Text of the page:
Can mHealth Help with Medication Adherence?

For health care providers, getting some patients to adhere to their medication schedules can be a bit of a headache. And this lack of adherence is a costly problem: it is the cause of 10 percent of all hospital admissions and approximately 125,000 patient deaths annually, and the reason behind as many as $289 billion in health care costs each year. But could receiving text message alerts help people to stay on top of their medications? As mHealth Intelligence first reported, a team of researchers sought to test just that. Their results, published in the Journal of Medical Internet Research (JMIR), not only showed that the program could help patients stay on track, but that it also could help researchers understand some of the reasons why people fail to take their medication as directed.

Beyond the staggering costs (in human lives and dollars) of non-adherence, the problem is widespread, with researchers estimating that 50 to 80 percent of people fail to follow their health care providers’ instructions regarding their medication. With these statistics in mind, the study’s authors, who are based at the Washington University School of Medicine in St. Louis, set out to design a study using an “SMS-based medication adherence system.” The program, called EpxMedTracking, sends regular text messages to patients, asking whether or not they have taken their medication as prescribed. For those who respond that they have not, the system then asks follow-up questions to determine why; certain responses, including a patient reporting being out of medication or having adverse side effects, will trigger provider follow-up, while others give the option of sending a reminder to the patient.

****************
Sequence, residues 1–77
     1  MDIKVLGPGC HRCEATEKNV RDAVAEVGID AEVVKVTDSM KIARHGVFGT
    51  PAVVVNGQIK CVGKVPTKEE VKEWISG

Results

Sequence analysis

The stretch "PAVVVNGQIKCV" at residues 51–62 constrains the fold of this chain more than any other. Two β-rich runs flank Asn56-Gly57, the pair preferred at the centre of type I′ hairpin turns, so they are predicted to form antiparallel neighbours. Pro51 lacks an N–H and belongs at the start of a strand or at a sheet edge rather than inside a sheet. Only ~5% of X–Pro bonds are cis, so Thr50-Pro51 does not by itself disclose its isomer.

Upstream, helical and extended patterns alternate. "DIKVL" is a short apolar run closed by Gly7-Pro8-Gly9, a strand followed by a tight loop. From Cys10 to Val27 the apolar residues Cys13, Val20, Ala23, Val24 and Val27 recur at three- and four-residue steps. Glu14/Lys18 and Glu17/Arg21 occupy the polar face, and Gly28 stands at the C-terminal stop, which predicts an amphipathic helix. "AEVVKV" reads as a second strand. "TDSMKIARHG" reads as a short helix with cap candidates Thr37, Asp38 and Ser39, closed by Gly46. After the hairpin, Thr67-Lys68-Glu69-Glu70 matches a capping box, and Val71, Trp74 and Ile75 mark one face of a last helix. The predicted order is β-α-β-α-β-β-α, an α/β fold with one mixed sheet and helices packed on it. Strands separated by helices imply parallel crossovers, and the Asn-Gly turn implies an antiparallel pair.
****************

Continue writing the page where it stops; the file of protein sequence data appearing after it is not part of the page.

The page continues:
The researchers tested the program on 25 patients over the course of 11 weeks. The results? Patients’ level of engagement with the program was high, at 85.9 percent each week. They also self-reported high levels of medication adherence. Beyond that, the researchers explain, the study offered insights into why people fail to take their medication; of the 109 missed doses reported, most were due to forgetting, with feeling better and running out of medication also ranking high on the list. Overall, while cautioning that further research is needed, the study’s authors are optimistic about the future use of tools like this. In their view, EpxMedTracking “is a feasible tool that remains reliable over time and is useful for tracking self-reported medication adherence and identifying actionable problems with medication adherence in real time.”

Click here for the article from mHealth Intelligence on the medication adherence study.

Click here for the study from JMIR on medication adherence. 


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